Few moves are as dynamic and recruit as many muscles — namely, the quads, back shoulders, glutes, and core — as the clean and jerk. It’s one of the two competition lifts in the sport of weightlifting, but it’s a pretty useful addition to your workout program. That said, the clean and jerk isn’t easy to do. It’s essentially three moves in one — a deadlift, a clean, and an overhead press — and learning it takes time, skill, and patience. However, you’ll be rewarded with more full-body strength, coordination, and power — which is probably why you’re reading this article.
In this guide, we’ll go over all of the steps needed to perform a proper clean and jerk, as well as the move’s benefits, variations, and alternatives.
- How to Do the Clean and Jerk
- Benefits of the Clean and Jerk
- Muscles Worked by the Clean and Jerk
- Who Should Do the Clean and Jerk
- Clean and Jerk Sets, Reps, and Weight Recommendations
- Clean and Jerk Variations
- Clean and Jerk Alternatives
- Frequently Asked Questions
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Below is a step-by-step guide on how to perform the clean and jerk with a barbell. (Note: You can most certainly do a clean and jerk with a set of dumbells or a pair of kettlebells. It’s traditionally done with a barbell, so that’s the variation we’re outlining below.)
Step 1 — Get Set
Stand in front of a loaded barbell with the feet set hip-width and turned slightly out (as this will allow the lifter to keep the knees/thighs out on the setup). The shoulders should cover the barbell, with the hips lower than shoulder-level yet higher than the knees. Note: these are general setup concepts, and specific setups may vary based on coach/athlete preferences.
Form Tip: The barbell should be in contact with the shins at the setup. This will ensure the barbell starts close to the body in the pull, which ensures a smooth bar path.
Step 2 — Initiate the First Pull
The first pull of the clean occurs when the barbell initially breaks from the floor. The first pull ends when the barbell passes the knee, which is the start of the second pull. The initial pull is essentially a deadlift. Be sure to maintain a neutral spine and to keep your core braced.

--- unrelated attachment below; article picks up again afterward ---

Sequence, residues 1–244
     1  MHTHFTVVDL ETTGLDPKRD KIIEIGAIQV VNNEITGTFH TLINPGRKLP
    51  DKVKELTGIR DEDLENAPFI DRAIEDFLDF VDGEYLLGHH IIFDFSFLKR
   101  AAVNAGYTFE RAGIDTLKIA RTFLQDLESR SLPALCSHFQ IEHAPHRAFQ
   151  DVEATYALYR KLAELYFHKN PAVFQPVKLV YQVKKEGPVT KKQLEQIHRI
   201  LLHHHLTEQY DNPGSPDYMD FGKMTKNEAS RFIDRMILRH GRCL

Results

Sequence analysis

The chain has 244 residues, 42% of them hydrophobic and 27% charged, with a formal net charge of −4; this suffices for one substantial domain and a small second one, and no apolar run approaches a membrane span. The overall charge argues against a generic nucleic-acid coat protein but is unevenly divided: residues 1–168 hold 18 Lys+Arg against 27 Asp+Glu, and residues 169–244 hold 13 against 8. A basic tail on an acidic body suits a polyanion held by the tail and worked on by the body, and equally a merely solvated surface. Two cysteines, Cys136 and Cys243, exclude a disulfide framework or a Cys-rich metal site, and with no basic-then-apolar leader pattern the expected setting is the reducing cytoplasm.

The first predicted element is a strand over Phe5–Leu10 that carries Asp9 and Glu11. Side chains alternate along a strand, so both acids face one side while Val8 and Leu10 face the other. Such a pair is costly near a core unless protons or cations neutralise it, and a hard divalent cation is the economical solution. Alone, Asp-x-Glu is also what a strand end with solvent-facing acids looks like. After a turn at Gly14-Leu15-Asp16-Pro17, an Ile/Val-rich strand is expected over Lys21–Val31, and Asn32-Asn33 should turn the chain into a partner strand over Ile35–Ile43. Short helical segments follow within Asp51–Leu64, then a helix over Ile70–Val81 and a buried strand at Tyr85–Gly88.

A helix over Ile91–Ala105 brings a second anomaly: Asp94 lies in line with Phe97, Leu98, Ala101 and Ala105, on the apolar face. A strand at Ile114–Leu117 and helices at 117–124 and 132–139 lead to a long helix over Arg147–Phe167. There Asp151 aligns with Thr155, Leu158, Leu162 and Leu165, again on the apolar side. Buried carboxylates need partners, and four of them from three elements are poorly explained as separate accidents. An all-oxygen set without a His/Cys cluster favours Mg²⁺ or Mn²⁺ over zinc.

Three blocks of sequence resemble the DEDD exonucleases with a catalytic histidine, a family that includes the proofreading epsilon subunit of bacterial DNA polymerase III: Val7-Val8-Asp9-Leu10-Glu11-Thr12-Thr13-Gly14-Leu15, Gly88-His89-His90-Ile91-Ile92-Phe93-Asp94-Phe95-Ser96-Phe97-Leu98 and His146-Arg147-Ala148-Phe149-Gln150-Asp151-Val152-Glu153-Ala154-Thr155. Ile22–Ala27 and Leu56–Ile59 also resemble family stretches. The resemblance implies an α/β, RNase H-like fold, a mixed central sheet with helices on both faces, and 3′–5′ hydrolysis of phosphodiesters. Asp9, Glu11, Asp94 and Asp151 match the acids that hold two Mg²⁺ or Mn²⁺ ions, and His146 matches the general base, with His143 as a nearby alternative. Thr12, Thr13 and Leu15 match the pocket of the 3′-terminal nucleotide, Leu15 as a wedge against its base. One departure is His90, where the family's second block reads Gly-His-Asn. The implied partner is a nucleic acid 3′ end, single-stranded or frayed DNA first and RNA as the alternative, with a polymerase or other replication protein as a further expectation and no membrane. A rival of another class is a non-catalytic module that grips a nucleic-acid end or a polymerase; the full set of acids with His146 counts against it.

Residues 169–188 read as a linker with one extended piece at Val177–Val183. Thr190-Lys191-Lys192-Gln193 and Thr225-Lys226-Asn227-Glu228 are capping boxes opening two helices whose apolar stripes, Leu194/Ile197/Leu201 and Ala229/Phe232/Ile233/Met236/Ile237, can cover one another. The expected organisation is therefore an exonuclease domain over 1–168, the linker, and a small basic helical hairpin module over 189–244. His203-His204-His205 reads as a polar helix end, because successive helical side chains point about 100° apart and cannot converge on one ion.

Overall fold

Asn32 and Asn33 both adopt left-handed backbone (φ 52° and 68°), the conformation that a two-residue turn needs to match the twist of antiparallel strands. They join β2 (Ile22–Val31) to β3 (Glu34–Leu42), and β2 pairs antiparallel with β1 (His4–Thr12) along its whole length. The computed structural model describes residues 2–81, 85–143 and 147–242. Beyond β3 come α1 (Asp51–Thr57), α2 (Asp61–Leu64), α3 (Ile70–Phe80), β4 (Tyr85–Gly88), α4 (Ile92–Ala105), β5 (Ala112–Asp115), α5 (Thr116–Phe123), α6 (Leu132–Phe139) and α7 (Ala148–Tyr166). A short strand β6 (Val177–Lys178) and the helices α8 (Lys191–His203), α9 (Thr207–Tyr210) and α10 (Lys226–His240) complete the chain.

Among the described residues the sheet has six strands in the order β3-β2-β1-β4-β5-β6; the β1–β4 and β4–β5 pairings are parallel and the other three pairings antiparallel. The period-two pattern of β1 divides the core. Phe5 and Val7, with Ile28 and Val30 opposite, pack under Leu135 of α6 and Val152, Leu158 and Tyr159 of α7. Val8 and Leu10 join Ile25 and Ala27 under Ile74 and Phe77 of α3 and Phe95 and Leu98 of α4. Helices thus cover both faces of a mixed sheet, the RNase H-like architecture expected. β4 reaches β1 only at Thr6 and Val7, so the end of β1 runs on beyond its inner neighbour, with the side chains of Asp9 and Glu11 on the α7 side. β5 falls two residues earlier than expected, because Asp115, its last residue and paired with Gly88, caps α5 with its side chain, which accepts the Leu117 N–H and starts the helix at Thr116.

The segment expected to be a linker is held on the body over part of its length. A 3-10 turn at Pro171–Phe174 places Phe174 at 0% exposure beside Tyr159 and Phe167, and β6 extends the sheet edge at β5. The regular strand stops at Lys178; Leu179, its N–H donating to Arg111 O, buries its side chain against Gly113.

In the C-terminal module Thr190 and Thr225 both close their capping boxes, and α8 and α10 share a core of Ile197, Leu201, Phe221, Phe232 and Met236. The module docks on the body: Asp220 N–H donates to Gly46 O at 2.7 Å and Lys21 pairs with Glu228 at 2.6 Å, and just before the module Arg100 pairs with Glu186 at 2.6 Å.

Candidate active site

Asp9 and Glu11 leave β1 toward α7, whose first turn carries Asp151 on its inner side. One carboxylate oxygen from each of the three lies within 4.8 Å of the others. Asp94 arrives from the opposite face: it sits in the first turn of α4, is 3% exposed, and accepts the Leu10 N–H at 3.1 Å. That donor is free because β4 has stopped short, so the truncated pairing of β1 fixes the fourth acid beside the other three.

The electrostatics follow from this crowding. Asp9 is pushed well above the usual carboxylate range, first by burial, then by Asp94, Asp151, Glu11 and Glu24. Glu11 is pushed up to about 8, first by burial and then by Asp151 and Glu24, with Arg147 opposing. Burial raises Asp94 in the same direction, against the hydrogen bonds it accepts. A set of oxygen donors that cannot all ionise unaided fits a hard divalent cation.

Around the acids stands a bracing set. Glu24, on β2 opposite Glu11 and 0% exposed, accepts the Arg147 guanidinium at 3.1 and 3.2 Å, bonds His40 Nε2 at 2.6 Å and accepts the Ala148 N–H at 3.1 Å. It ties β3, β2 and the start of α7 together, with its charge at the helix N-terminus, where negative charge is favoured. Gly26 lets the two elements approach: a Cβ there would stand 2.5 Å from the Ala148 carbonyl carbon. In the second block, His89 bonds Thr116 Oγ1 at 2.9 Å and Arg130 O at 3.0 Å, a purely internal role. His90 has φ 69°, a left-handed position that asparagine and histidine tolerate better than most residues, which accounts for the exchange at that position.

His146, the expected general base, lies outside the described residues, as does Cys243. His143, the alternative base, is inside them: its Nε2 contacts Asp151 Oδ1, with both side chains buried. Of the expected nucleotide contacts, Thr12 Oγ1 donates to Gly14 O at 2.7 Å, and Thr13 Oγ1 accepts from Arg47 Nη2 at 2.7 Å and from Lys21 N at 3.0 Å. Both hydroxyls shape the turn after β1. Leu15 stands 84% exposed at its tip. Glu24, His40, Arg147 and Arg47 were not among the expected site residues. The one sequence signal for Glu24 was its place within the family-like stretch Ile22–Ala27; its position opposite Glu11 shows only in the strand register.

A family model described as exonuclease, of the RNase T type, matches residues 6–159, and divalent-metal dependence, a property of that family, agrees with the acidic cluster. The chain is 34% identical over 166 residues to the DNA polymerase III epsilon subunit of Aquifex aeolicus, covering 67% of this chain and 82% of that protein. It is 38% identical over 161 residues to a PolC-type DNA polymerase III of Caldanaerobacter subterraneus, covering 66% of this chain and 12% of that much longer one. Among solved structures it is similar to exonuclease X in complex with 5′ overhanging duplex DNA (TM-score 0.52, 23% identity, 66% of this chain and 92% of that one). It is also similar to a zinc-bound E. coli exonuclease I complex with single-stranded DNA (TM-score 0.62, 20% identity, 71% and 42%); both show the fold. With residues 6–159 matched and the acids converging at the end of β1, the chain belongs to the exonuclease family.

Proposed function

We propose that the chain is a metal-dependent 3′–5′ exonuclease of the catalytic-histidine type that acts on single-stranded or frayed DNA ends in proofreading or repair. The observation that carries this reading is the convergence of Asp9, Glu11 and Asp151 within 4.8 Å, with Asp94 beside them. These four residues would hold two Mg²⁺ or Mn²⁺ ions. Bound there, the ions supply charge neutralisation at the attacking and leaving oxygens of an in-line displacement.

Form Tip: The goal of this first pull is to gain the momentum necessary for an explosive second pull.
Step 3 — Initiate Second Pull and Turn the Bar Over
This next step could be broken down into two parts, but it happens so quickly that it’s basically one cohesive step. For this pull, the barbell passes the knee and ends up right at hip level. The lifter then drives their hips and pulls the barbell up the body, making sure to stay balanced in the full foot with the shoulders above the bar. Then, the lifter acts upon the barbell to forcefully rotate their elbows underneath and into the front rack position. As you finish the second pull, stay active on the barbell after the second pull using the traps to elevate the bar higher and pull oneself under the bar.
Form Tip: Try to simultaneously move the feet and reset them firmly under your hips so that you’re in a strong front rack position.
Step 4 — Catch the Barbell
As the bar is exploding upward from the hip drive, the lifter will quickly squat down and catch the barbell across their shoulders in a front rack position. The elbows should be pointing forward.
Form Tip: Be aware of your knees. A lot is going on during a clean and jerk, so be sure to keep your knees actively pressed out for an efficient squat.
Step 5 — Dip Down
From the front rack position, the lifter is going to dip their knees down a few inches. This creates a spring-like effect to help drive the weight overhead for the jerk phase of the lift. This phase of the lift is essentially a push press.
Form Tip: The dip speed should be smooth and allow for a stretch reflex to take place. Be sure to dip down in a straight line, not letting the torso sway back or come forward.
Step 6 — Jerk the Bar Overhead
There are two types of jerk — a split jerk and a squat jerk. For now, we’ll stick with the squat jerk. Don’t think of the jerk as just an overhead press. Really, it’s a push press that your drop under to reduce the distance it has to travel overhead. So, you’re going to a) dip down, b) drive the bar over your head, and c) drop into a half squat position as the bar ascends.
Form Tip: Initiate the drive with the legs, and think about pushing everything you can through the bar.
Step 7 — Receive and Recover the Jerk Overhead
Lock your arms out and pause in the bottom of the jerk to stabilize the weight. Hold this position while you get set. Do not stand up until the weight feels balanced. Once you’re stabilized, stand up.